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Obesity Is Associated with Driveline Infection of Left Ventricular Assist Devices

Akay, Mehmet H.*; Nathan, Sriram S.*; Radovancevic, Rajko*; Poglajen, Gregor*,†; Jezovnik, Mateja K.*; Candelaria, Isabella N.*; Averill, Barbara L.*; Patel, Manish K.*; Kar, Biswajit*; Gregoric, Igor D.*

doi: 10.1097/MAT.0000000000000916
Original Article: PDF Only

In patients with left ventricular assist devices (LVADs), the association of driveline infection (DLI) and body mass index (BMI) remains controversial. The aim of this study was to explore a potential correlation between BMI and DLI in the LVAD patient population. A retrospective, single-center study evaluated patients who underwent LVAD implantation between May 2012 and July 2016. Driveline infection was evaluated per Interagency Registry for Mechanically Assisted Circulatory Support established criteria. Of 222 included patients, 80% were male, the average age was 55 years, and the main underlying heart failure diagnosis was nonischemic cardiomyopathy (56%). The majority of patients (65%) received LVAD as destination therapy and 35% as a bridge to transplantation. Average time-to-first DLI was 296 days after LVAD implantation. In comparison to non-DLI group (80%, N = 177), patients in DLI group (20%, N = 45) had a higher BMI (33.5 ± 8.3 kg/m2 in DLI group vs. 28.8 ± 7.5 kg/m2 in non-DLI group, p = 0.0003) and were younger (51 ± 12 years in DLI group vs. 56 ± 12 years in non-DLI group, p = 0.013). There was a significant correlation between BMI and DLI (p < 0.0001), and age was negatively correlated with DLI (p = 0.01). Analysis revealed no correlation between time-to-first DLI and BMI. Our data confirm that higher BMI is associated with increased prevalence of DLI in LVAD population, particularly in younger patients. Addressing excessive body weight in this patient cohort may significantly reduce DLI and thereby improve long-term outcomes.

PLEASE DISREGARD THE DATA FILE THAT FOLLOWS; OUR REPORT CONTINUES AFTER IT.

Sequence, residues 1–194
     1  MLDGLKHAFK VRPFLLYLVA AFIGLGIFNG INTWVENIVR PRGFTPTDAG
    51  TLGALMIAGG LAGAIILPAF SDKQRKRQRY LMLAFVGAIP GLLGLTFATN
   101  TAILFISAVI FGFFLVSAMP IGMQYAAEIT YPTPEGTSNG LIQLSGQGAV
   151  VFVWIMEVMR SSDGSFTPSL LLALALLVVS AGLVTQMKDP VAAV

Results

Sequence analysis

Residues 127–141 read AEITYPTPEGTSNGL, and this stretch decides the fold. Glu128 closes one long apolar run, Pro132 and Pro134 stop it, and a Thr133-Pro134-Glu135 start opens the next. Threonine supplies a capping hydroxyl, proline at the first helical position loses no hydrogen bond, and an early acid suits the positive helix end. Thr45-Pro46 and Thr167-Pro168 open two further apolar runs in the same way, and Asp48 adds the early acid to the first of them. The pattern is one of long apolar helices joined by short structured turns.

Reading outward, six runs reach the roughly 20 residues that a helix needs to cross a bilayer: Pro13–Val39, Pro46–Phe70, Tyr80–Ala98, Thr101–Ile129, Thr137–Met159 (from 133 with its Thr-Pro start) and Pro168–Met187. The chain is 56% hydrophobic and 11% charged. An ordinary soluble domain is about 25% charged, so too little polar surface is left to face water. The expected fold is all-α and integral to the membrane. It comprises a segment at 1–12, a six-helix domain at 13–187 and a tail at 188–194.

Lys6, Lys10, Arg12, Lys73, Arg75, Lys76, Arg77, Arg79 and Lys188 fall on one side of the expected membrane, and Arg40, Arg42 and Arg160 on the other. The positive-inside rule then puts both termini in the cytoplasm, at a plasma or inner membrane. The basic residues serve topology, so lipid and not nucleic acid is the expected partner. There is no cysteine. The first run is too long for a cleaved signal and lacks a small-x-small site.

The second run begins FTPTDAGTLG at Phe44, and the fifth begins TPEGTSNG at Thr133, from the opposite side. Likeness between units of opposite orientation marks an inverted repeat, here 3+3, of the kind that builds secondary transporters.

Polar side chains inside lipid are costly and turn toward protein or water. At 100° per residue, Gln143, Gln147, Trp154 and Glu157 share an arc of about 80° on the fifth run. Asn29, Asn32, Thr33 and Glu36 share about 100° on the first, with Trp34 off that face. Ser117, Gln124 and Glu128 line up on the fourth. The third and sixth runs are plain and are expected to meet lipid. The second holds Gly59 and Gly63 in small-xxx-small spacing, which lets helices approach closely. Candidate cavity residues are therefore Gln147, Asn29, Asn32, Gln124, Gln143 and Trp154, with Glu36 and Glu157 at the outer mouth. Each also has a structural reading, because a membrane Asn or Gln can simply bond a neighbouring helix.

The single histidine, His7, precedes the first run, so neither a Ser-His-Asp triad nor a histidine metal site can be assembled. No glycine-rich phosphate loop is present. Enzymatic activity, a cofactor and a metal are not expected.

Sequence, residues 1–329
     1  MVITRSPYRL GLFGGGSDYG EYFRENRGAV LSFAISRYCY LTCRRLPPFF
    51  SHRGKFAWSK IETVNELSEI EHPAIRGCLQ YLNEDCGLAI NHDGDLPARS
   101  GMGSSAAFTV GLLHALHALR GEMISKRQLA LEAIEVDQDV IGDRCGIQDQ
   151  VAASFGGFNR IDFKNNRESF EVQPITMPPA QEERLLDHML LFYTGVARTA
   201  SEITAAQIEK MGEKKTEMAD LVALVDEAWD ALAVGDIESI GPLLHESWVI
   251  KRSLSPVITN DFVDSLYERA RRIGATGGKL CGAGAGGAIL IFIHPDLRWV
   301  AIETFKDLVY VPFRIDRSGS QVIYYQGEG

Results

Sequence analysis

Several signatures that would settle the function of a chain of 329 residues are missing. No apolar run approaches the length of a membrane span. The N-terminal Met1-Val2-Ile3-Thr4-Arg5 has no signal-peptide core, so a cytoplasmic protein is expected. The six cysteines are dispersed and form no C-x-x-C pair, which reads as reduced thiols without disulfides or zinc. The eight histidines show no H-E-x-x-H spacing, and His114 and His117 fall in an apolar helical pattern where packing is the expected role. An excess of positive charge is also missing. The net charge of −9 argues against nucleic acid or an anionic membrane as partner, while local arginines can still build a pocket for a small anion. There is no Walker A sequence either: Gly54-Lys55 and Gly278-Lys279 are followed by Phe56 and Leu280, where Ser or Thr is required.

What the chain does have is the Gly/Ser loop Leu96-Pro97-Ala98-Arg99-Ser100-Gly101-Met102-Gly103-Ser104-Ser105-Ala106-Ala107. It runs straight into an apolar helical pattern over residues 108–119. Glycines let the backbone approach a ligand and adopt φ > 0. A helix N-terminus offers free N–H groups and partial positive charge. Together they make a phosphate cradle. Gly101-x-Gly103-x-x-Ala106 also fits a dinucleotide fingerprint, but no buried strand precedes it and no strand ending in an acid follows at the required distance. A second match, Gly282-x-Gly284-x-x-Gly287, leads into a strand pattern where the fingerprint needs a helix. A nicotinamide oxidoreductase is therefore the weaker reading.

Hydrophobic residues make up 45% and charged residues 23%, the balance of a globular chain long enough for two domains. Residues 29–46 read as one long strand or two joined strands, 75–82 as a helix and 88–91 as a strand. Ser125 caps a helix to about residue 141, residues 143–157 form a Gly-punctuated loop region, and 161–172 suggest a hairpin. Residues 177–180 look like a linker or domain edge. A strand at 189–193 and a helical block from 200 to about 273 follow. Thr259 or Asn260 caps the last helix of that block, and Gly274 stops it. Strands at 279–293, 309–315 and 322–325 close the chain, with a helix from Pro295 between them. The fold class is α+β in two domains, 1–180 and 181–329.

From the *Department of Advanced Cardiopulmonary Therapies and Transplantation, University of Texas-Houston McGovern Medical School and Memorial Hermann-Texas Medical Center, Houston, Texas

Advanced Heart Failure and Transplantation Center, University Medical Center Ljubljana, Ljubljana, Slovenia.

Submitted for consideration March 2018; accepted for publication in revised form October 2018.

Disclosure: The authors have no conflicts of interest to report.

Correspondence: Igor D. Gregoric, 6400 Fannin St, Suite 2350 Houston, TX 77030. Email:

Copyright © 2019 by the American Society for Artificial Internal Organs